Tag Archives: pvclock

KVM pvclock

A short article on how KVM’s paravirtualized clock source works (mostly adapted from Glauber’s notes here).

kvmclock or KVM pvclock lets guests read the host’s wall clock time. It’s really very simple: the guest sets aside a page of its RAM and asks the host to write time into that page (using an MSR). The host writes a structure containing the current time to this page — in theory the host updates this page constantly, but in reality that would be wasteful and the structure is only updated just before reentering the guest after some VM event.

The structure that is written contains the time at the moment it was written, plus the guest’s TSC at that moment, plus the current scale of TSC to real time (which can change). The guest can read its own TSC a little bit later, work out the difference between TSC now and TSC when the host measured it, scale that to seconds, and add that to the time in the struct to get an estimate of wall clock time. As long as the host doesn’t allow too much time to pass between updates, and doesn’t do something like scale the CPU speed or migrate the guest without updating the struct, the guest can get an estimate for wall clock time without involving the hypervisor at all.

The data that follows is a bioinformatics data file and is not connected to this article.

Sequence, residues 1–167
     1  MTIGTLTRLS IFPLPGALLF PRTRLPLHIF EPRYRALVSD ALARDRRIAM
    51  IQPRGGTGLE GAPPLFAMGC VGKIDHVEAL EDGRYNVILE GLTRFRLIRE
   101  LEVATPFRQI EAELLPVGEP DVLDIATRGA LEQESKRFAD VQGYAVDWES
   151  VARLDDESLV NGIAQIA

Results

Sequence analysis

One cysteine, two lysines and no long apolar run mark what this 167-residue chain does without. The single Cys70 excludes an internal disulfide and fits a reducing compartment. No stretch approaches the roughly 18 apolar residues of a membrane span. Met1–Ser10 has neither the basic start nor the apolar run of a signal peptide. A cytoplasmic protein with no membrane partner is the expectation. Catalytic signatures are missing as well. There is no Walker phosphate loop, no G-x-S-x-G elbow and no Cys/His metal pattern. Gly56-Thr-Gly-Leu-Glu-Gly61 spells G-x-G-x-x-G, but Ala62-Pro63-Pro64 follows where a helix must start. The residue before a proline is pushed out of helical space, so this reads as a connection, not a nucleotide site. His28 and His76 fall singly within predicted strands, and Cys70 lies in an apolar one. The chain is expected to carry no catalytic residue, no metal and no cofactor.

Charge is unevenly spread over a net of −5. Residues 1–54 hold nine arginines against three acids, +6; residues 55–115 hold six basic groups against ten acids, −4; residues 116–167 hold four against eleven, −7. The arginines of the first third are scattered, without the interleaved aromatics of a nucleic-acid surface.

struct pvclock_vcpu_time_info {
        u32   version;
        u32   pad0;
        u64   tsc_timestamp;
        u64   system_time;
        u32   tsc_to_system_mul;
        s8    tsc_shift;
        u8    flags;
        u8    pad[2];
} __attribute__((__packed__));

Finally, how do you find out if your Linux guests are using KVM pvclock? Ask the kernel like this:

$ cat /sys/devices/system/clocksource/clocksource0/current_clocksource
kvm-clock

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Half-baked ideas: Accelerated testing for VMs

For more half-baked ideas, see my ideas tag

When manufacturers build consumer hardware it is often subjected to so-called “accelerated aging” or “accelerated testing”. For example, the life of an aircraft is not measured in years, but in pressurization cycles. Aircraft are repeatedly pressurized in tanks, and shaken (“fatigue testing”) to find out when they will fail.

So here’s the idea: Apply accelerated testing to virtual machines. Modify pvclock so it runs 100 or 1000 times faster than normal. Daily and weekly cron jobs accelerated, and so are daemons, so we rapidly find if they slowly leak memory or disk space, or have some other time-related failure. How will the guest behave after it has been running for a year, or 10 years? How about applications? Now we can find out, and not need to wait that long.

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